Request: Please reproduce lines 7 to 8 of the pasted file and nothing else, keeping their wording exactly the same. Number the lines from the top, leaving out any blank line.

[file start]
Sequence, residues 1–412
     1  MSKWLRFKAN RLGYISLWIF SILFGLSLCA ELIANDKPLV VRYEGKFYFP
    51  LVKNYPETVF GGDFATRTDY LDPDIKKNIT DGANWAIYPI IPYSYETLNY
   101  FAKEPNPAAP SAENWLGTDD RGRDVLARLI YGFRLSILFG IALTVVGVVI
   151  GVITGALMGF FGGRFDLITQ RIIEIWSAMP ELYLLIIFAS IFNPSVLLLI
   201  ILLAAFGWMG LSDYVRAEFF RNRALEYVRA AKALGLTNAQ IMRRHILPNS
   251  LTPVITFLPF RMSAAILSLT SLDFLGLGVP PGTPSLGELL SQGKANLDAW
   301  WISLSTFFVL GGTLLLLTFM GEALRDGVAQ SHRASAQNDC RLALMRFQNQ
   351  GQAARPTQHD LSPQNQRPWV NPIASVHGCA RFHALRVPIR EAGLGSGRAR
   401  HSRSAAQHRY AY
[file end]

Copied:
   251  LTPVITFLPF RMSAAILSLT SLDFLGLGVP PGTPSLGELL SQGKANLDAW
   301  WISLSTFFVL GGTLLLLTFM GEALRDGVAQ SHRASAQNDC RLALMRFQNQ